Now, GitFlow is a bit long on the teeth, and some of the younger and simpler alternatives do take into consideration things as Pull (or Merge) Requests; lately some even want the original GitFlow to be considered harmful. But still, there's a common basic concept in GitFlow and the alternatives, which is local feature branches. How and when exactly to merge them back into a development branch is one of the big differences, but is rarely detailed.

The goal of this post is to gather some tips on how to keep developing in the local feature branch while staying involved on a lively repository; and how to make easier the final feature merging.


Doxygen error parsing in Eclipse CDT

Eclipse (or is it the CDT?) has, by default, some Doxygen integration: if the preferences are set appropriately, Doxygen-style comments are highlighted differently, and Doxygen commands in those comments are further highlighted.

But that's about it. A particular missing feature is that errors in the comments are not highlighted in any way; and that's what made me look for a better alternative.


repo sync --force-sync overwrites your existing repository!

I couldn't find any good explanation of what does Android's repo's --force-sync do, nor why it can be needed. So I'm reporting my painful findings in repo 1.22.


An IS_DEFINED() C macro to check whether another macro is defined

Every C programmer knows to use #defines and #ifdefs to disable compilation for a piece of code. But not everyone knows that there are better ways; the problem with this strategy is that the code becomes invisible to the compiler (and "smart" indexers), which means that it stops being checked for correctness. Also, if the rest of the code changes substantially, like variable renaming, function changing their signatures, etc, the disabled part falls out of sync and will need possibly serious work when re-enabled.

There are easy improvements to the #ifdef strategy, with the inconvenience that they add boilerplate and/or waste cycles on runtime (important on embedded environments). But there's also a way to remove both the boilerplate AND the runtime checks!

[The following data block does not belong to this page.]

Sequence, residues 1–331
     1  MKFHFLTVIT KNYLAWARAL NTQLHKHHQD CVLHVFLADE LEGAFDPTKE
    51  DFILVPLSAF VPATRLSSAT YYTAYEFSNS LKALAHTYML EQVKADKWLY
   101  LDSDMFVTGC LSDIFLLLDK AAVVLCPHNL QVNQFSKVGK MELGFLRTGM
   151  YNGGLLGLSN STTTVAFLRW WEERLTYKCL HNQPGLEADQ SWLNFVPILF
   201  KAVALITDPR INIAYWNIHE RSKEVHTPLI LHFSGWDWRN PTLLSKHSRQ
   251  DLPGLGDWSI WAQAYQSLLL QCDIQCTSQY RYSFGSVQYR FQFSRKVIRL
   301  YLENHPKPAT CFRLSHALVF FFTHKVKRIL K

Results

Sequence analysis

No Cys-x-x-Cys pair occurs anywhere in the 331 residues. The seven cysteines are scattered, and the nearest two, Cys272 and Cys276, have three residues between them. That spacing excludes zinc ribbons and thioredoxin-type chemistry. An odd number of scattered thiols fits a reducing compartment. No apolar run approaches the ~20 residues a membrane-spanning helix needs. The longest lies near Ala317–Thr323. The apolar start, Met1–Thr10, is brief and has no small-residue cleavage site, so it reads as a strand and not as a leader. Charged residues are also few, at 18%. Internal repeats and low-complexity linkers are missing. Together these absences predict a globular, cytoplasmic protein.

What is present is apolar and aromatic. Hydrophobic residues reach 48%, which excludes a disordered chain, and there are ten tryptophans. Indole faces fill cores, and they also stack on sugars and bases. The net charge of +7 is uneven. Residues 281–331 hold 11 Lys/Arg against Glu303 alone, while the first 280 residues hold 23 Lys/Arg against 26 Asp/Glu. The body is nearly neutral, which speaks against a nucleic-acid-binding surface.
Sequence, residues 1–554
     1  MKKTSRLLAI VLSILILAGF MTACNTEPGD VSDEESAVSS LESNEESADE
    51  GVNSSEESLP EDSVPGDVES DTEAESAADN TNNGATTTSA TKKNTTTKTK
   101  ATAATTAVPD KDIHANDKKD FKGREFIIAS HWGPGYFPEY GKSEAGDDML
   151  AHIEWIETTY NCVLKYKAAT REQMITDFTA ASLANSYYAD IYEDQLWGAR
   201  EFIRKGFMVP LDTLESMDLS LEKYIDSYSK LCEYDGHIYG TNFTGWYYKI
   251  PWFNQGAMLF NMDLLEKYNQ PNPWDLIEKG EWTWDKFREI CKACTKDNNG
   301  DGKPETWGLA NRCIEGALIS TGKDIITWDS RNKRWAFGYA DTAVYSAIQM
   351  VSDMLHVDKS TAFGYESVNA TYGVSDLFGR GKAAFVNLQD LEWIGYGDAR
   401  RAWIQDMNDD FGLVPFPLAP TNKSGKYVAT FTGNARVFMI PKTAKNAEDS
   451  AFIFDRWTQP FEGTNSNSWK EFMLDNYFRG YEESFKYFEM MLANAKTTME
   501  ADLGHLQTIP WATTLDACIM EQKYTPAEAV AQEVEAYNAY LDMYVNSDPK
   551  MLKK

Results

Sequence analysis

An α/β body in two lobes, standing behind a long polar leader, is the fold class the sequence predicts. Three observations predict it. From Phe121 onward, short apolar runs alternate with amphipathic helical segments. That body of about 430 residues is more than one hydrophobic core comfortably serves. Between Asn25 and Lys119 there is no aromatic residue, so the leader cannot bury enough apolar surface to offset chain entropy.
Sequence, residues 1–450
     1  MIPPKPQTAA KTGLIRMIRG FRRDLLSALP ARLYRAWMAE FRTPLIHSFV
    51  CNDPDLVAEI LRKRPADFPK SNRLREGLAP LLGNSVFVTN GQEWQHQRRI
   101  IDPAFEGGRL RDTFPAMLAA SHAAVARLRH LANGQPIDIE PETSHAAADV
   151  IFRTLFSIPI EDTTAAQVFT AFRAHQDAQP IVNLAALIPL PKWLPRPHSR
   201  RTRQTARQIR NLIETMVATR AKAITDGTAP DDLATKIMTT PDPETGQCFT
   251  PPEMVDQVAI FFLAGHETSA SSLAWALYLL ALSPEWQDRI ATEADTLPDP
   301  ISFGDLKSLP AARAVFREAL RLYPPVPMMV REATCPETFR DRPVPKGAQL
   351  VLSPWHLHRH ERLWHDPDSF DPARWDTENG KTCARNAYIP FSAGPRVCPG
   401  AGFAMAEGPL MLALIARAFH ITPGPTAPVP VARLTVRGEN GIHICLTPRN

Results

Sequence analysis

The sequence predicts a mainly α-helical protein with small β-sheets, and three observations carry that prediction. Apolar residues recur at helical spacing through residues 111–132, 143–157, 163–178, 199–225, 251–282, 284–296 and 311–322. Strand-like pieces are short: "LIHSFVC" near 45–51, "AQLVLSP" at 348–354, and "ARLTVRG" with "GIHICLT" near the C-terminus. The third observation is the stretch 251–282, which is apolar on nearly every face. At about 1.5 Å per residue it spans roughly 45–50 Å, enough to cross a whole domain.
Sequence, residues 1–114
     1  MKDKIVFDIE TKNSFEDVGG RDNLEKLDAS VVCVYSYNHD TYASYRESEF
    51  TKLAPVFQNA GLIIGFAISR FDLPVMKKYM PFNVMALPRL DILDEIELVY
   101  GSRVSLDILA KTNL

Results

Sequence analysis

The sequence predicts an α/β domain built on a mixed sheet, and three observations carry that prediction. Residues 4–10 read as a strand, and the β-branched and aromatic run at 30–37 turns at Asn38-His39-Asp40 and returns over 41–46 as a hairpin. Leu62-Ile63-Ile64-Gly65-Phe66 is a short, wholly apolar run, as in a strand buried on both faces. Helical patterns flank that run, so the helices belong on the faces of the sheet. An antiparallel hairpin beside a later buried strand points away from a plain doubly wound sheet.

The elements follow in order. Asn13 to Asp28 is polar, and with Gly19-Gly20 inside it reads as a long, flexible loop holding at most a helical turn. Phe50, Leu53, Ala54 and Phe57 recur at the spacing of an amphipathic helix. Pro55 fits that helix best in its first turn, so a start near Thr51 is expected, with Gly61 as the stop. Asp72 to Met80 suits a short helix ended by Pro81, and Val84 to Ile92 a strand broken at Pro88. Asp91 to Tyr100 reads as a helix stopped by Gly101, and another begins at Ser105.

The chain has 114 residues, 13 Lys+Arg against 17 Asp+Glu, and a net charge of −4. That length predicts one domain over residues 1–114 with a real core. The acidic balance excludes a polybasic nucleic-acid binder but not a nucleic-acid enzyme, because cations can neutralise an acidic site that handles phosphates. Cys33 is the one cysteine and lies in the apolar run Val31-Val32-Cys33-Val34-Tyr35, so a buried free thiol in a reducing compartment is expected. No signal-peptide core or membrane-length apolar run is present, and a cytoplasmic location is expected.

Tweaking Waf for integration with Eclipse CDT

First, the way not taken: there is an official Waf extra named "" which theoretically creates the files that Eclipse expects in a project. But that extra is from 2011; both Waf and Eclipse have evolved since then, and I didn't have the time nor inclination to dig into both Waf and Eclipse internals. Also, what would be the end result of that extra: only build support, or full indexing? No docs, no idea, forget it.

So let's make it easier. We already know that Eclipse's indexing system only needs to see the compiler command lines to get an idea of what files are related, where are the includes, what are the compiler flags, etc. So what about just making Waf spit out the command lines? And turns out, it's even easy: there is another extra called "print_commands" which does just that.


Flame Graphs vs Instruments in OS X: using Intel's Performance Counters

TL;DR: as of last update for OS X 10.11 / 7.1, you can't really create meaningful CPI Flame Graphs on OS X because of bugs in Apple's tools, both GUI and command-line. There are some alternatives and workarounds; for an alternative to a CPI Flame Graph, might be good enough. I sent 6 bug reports to Apple, and 5 of them got marked as duplicates; so maybe some Instruments post-7.1 will get good enough to allow the data extraction needed for real Flame Graphs.

I have been trying to generate Brendan Gregg's Cycles-Per-Instruction Flame Graphs on OS X (10.10), mostly to check cache-related CPU stalls. However, after working on it for a good while, it's looking to me like the given method is somewhat shaky, and the same or better insights about the code can be gotten more easily; partly thanks to, … and partly in spite of


List the DTrace providers in your machine

I don't see any official way to list the DTrace providers; you can seemingly only list ALL the probes, the >300K of them (in my Mac right now), and then you have to deal with the multitude of providers instantiated multiple times for different PIDs.

So here's a small AWK script to list the unique providers, how many instances of each are there, and how many providers are attached to each PID:


Best practices for a (GNU) makefile in the XXI century

This is not really a tutorial on makefiles; there are lots of those around the web.